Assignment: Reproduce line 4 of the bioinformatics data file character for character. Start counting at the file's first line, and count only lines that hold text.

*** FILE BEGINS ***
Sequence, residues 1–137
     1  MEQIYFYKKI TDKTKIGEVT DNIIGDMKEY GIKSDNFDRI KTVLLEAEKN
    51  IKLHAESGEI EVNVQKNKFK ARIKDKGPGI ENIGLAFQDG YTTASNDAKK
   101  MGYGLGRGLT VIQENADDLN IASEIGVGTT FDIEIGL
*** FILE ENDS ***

   101  MGYGLGRGLT VIQENADDLN IASEIGVGTT FDIEIGL